Texas Surgeon: an Autobiography Page: 28
This book is part of the collection entitled: Rescuing Texas History, 2010 and was provided to The Portal to Texas History by the University of Texas Health Science Center Libraries .
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cordage, roasting coffee, and a dozen other elements-all this
commotion set my youthful head spinning.
Today, I am told, Scollay Square has deteriorated into a slum,
a sort of Skid Row, with cheap lunchrooms and bars, penny
arcades and shooting galleries, tattoo parlors, cheap movie houses
and dine-and-dance spots. But at that time it was quite different.
Scollay Square was the site of three large and extremely respecta-
ble hotels, the Quincy House, the Crawford, and the Revere,
among the best hotels in Boston and handy to the main business
district. In the square stood a bronze statue of Governor Win-
throp, a memorial long since removed, I believe to a more fitting
spot in the Back Bay.
It was quite some time before I was able to adjust to my new
surroundings, to living in the same house with many others, to
seeing brick walls rather than grass and trees when I looked out
the window, to using an indoor toilet instead of the rural out-
house, to bathing in the common bathtub. My aunt Lavinia was
an ultra-respectable and laborious woman, who would have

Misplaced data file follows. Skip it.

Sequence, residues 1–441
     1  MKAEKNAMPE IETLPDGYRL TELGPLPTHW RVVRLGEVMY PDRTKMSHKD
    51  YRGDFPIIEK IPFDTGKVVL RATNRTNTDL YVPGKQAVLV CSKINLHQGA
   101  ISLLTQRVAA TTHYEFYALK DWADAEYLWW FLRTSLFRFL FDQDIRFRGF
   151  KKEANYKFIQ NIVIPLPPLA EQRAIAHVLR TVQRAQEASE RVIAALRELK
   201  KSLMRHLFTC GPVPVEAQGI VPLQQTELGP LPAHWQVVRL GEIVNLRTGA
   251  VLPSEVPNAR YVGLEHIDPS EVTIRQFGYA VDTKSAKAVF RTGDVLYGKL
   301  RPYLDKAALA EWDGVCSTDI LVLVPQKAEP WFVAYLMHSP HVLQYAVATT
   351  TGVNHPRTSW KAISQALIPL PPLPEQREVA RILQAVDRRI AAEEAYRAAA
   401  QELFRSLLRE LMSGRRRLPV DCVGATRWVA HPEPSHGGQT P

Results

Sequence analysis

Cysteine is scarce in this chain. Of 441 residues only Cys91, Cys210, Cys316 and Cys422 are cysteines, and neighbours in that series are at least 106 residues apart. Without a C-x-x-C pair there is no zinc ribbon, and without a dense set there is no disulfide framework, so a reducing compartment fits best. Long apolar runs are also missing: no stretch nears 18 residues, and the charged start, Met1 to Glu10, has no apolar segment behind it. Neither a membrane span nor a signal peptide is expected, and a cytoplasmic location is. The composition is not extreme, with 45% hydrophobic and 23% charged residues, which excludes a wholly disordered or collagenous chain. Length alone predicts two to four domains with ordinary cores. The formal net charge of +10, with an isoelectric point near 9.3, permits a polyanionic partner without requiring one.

looked with horror on such intrusions as the Old Howard
burlesque theater that later set up near Scollay Square on
Howard Street. Her roomers, all ten of them, either followed
her steady example, or sought quarters elsewhere.
The first urban object to stir my imagination was the huge
gilt teakettle suspended above the sidewalk to advertise the
Oriental Tea Company. This teakettle, still hanging in Scollay
Square, had been installed the year of my birth, I874. At that
time the tea company, so my aunt Lavinia told me, had offered a
prize of forty pounds of tea to anyone who could guess how
much it held. The correct guess, out of the thirteen thousand
submitted, turned out to be two hundred and twenty-seven
gallons and some more. The kettle was a marvelous thing. Every
time I passed it, I looked up to make sure that steam was still
purling from the spout. Sure enough, it always was.
As yet there were no trolley cars in Boston, though they came
about two years later, while I was still there. This exciting
Here’s what’s next.
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Atkinson, Donald Taylor. Texas Surgeon: an Autobiography, book, 1958; New York. (texashistory.unt.edu/ark:/67531/metapth143566/m1/40/: accessed December 17, 2017), University of North Texas Libraries, The Portal to Texas History, texashistory.unt.edu; crediting University of Texas Health Science Center Libraries.